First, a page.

It’s time for the residents of Connecticut, elected town officials, the Council of Small Towns, and regional Councils of Government to wake up. On Tuesday, May 28 the state legislative Regulations Review Committee will address the resubmitted industrial wind turbine regulations as modified by the state Siting Council.
When it comes to the giant noisemakers, only one thing really matters and that is the setback, or distance from the turbine to a neighboring property line. Yet, in its initial submission to the committee, the Siting Council chose to ignore the evidence submitted by residents from both Prospect and Colebrook, where one wind project was defeated and the other approved. At a cost of hundreds of thousands of dollars, groups from both towns presented evidence that noise impacts lead to a degradation of the quality of life for neighbors living in close proximity to industrial sized turbines. Yet now the Siting Council has modified its original and ridiculously proposed “1.1 times the height” setback standard (550 feet) to 1.5 times the height or 750 feet from a residential home.
The Siting Council ignores not only local input but global as well. In the past five years both the World Health Organization and the Academy of Sciences’ National Research Council in separate research projects came to the same conclusion, that these projects should never be sited less than a half-mile or 2,640 feet from a residential area. If you want evidence to back up these two renowned scientific bodies, simply take a two hour ride to Falmouth, Mass. where the town leaders are about to turn off two industrial turbines that have caused chaos and led to health issues for far too many residents to mention. These folks were witnesses in Prospect’s fight against proposed turbines, so you can take it from me that their issues were real. Just as real as the man who flew in from Wisconsin to tell the same story to the Siting Council.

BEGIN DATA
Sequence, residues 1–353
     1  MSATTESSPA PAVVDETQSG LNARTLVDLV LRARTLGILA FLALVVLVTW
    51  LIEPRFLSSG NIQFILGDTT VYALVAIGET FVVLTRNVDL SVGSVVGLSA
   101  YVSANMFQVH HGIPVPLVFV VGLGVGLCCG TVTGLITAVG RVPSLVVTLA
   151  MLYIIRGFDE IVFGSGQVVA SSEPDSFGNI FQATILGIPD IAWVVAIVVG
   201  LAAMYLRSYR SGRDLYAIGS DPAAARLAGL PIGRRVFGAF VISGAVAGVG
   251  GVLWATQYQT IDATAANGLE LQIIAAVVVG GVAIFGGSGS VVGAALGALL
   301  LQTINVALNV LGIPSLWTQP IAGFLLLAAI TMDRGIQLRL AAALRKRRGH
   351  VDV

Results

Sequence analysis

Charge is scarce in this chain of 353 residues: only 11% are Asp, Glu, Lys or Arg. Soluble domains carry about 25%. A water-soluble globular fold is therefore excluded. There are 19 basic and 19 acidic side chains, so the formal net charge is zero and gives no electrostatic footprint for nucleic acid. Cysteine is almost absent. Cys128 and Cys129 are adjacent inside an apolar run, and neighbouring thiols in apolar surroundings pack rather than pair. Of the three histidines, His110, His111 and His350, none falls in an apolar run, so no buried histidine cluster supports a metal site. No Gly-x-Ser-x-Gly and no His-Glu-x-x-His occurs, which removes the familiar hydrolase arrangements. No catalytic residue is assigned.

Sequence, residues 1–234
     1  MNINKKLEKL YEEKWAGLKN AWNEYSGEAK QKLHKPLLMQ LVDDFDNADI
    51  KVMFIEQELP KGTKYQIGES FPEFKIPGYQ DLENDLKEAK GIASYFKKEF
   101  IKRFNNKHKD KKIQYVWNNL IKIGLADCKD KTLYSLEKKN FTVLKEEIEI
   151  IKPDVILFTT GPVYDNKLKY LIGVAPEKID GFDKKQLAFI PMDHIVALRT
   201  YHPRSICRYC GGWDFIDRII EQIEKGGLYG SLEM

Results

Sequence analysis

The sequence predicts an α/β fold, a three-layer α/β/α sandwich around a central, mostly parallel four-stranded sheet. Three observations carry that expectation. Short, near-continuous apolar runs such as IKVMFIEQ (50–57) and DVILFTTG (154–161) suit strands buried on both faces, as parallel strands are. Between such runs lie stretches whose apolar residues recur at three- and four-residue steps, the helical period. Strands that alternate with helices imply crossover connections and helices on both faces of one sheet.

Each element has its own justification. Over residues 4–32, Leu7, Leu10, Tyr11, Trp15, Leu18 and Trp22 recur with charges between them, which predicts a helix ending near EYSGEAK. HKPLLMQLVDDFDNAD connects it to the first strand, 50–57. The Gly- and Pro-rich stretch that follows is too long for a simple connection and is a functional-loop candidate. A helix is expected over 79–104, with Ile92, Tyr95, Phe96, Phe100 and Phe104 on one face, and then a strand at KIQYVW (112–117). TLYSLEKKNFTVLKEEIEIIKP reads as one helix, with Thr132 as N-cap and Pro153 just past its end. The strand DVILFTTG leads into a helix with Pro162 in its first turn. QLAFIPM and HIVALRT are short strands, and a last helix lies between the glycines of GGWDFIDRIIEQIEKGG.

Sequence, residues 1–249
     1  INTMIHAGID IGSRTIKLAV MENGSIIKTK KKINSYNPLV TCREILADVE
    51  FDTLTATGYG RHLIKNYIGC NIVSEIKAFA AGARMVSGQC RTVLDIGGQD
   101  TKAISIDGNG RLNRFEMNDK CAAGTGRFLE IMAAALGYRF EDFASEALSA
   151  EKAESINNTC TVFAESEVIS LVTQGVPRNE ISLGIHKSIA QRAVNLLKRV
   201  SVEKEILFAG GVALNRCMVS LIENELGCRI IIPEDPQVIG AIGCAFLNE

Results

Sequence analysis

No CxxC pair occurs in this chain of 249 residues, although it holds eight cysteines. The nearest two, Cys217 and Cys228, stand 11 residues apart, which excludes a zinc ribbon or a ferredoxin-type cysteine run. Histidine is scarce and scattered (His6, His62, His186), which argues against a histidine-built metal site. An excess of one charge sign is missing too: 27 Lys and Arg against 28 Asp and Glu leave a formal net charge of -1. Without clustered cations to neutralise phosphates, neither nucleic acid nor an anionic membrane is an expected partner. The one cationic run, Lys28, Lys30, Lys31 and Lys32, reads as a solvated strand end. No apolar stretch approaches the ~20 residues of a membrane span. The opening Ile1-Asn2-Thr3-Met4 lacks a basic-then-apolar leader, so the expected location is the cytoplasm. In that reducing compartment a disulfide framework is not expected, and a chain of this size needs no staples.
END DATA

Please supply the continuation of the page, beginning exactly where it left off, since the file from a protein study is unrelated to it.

After 35 years of wind energy development in the U.S. and England, which represents one of the windiest spots on the planet, the energy generated from wind only accounts for about 3% of electricity. Take away the generous government investments and tax breaks and you have an industry that can’t stand on its own. It’s time to protect your homes. Call your state legislators now. Nobody wants a 500-foot tall wind turbine within a half-mile of their home.
Timothy C. Reilly
Former President of Save Prospect Corp.